This morning R and I took our "visitors" to Charlecote for Compulsory Fun. In the end I think I can say that a good time was had by all of us, though the whole process of gathering everyone together and getting there seemed to take about twelve hours, and reminded me of what an exhausting business parenthood can be.
With the rut over, the fallow bucks have retreated to their own, relatively peaceable, boys' club, leaving the does and youngsters in peace on the other side of the park. I was rather taken with what looks like a family grouping here: last year's fawn and a yearling pricket standing guard over Mum. She is very likely to be pregnant, and looks it - I'm pretty sure I spent large stretches of time flat during both of my first trimesters.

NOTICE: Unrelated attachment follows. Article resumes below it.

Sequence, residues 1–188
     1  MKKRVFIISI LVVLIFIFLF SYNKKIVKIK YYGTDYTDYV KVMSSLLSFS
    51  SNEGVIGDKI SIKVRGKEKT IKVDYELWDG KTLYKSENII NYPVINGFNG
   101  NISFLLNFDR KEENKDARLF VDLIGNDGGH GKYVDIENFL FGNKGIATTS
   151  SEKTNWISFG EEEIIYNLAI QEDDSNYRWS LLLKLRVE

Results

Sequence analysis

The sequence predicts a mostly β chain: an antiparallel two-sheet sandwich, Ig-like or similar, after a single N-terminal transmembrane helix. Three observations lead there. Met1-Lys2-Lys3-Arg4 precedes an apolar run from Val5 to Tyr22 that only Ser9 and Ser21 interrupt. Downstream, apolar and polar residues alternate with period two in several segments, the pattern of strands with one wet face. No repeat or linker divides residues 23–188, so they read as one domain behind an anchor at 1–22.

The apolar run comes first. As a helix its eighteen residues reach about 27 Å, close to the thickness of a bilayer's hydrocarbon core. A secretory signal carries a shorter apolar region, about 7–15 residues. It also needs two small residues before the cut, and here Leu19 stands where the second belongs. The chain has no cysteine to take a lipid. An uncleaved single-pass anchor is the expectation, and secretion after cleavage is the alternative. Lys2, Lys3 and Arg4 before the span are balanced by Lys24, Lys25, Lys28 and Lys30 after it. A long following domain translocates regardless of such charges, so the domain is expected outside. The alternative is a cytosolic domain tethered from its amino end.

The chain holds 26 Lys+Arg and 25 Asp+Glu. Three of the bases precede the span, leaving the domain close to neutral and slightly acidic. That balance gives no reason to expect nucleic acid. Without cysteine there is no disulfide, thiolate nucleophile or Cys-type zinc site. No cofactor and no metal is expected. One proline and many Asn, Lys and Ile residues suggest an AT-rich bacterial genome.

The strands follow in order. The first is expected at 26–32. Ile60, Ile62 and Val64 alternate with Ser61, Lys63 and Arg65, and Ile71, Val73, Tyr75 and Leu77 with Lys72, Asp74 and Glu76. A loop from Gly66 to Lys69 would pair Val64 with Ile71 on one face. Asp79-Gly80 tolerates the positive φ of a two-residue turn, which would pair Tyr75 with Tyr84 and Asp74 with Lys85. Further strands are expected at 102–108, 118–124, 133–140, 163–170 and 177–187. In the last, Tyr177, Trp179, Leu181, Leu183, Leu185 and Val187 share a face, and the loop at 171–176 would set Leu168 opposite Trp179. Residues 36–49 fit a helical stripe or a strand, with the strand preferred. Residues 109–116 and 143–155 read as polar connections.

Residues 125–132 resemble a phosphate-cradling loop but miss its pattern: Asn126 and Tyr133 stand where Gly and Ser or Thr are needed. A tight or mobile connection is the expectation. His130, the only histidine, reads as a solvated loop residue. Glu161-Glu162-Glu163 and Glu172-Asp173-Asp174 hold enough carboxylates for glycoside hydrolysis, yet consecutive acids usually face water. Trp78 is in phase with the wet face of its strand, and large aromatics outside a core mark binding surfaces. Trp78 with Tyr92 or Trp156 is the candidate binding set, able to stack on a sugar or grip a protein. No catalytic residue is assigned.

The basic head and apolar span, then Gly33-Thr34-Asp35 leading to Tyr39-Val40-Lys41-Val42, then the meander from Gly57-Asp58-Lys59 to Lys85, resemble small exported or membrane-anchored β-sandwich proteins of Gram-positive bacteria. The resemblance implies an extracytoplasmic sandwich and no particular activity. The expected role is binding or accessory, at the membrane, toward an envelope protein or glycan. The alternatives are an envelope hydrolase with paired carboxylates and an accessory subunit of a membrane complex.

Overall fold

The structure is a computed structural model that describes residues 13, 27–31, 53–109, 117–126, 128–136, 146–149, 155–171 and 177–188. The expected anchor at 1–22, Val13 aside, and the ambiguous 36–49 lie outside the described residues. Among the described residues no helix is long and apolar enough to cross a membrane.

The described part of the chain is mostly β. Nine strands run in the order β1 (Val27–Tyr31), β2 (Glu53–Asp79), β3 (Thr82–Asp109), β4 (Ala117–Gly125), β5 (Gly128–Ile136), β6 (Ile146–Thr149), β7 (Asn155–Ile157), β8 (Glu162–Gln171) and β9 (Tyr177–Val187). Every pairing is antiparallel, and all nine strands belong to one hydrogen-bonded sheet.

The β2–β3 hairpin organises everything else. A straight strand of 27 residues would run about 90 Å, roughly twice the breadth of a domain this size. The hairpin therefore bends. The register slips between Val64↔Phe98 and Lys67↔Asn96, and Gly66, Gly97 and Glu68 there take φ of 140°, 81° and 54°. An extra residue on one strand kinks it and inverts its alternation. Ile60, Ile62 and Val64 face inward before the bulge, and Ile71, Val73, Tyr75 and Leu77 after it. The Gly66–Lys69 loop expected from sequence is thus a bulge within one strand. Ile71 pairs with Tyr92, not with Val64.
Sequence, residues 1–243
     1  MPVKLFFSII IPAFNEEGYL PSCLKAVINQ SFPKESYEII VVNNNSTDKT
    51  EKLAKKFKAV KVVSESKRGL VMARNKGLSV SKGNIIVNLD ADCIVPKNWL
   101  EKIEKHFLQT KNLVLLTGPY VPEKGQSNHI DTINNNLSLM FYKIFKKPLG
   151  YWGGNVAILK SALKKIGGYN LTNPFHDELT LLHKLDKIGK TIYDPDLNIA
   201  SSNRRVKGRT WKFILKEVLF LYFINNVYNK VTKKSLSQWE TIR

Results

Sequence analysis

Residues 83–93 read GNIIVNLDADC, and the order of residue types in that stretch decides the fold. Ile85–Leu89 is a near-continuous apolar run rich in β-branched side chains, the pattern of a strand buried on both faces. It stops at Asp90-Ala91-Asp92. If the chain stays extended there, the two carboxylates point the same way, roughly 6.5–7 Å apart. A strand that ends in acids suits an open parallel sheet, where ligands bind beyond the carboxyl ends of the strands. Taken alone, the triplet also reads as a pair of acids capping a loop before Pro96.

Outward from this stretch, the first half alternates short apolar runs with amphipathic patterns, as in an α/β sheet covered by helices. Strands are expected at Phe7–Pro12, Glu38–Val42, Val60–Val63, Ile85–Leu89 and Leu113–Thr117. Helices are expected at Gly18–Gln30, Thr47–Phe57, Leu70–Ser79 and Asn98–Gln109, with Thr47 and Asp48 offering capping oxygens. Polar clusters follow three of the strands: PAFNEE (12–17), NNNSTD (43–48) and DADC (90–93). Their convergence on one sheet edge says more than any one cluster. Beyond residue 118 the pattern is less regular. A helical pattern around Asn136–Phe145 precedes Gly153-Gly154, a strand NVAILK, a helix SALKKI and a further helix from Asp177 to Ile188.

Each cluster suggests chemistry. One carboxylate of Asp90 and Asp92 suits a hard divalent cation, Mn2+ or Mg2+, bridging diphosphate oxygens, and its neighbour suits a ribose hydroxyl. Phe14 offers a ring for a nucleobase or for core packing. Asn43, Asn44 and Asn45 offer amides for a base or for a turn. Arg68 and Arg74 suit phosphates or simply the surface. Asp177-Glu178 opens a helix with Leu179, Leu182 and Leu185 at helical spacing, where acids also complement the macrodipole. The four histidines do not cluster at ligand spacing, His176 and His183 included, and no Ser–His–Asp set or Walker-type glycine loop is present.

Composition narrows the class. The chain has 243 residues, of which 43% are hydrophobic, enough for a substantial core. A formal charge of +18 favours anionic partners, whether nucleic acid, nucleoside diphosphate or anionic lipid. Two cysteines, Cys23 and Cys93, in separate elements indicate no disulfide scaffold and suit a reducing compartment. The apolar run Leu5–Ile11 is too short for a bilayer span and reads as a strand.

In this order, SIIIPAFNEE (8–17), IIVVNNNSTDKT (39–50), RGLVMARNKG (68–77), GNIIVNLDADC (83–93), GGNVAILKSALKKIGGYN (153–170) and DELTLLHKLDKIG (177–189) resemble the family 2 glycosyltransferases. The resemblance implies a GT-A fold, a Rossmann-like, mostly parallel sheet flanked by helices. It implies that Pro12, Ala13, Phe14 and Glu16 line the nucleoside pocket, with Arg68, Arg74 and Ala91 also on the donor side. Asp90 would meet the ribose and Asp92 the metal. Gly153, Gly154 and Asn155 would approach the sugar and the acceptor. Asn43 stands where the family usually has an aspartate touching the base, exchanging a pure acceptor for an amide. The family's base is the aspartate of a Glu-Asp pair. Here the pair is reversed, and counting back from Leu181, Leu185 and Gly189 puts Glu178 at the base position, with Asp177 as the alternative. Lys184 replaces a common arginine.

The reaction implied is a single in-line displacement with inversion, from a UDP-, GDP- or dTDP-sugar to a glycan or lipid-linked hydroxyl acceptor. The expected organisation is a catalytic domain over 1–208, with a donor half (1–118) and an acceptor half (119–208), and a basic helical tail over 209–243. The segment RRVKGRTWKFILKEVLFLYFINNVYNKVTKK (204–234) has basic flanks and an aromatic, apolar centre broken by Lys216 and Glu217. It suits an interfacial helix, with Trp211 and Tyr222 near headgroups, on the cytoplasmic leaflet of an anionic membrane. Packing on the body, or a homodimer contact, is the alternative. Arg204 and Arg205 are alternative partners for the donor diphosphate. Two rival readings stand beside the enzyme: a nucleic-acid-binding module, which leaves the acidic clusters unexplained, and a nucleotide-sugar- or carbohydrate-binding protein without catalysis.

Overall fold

The train of thought I had about this caused me to wonder whether mammals other than humans experience morning sickness, so I did a bit of research into the question. The quick answer is that nobody seems to know for sure, though some dog breeders say that their bitches show food aversion during the 3rd and 4th weeks of pregnancy, and some zoo keepers believe that they see something similar in chimpanzees. But there's still debate about the mechanism and biological significance of morning sickness, and if the popular theory that it's nature's way of discouraging pregnant women from eating potentially harmful foodstuffs at a critical stage of foetal development is correct, it may be a less necessary protective device for mammals which have a better sense of smell than we do, and generally manage to avoid eating things that are poisonous to them.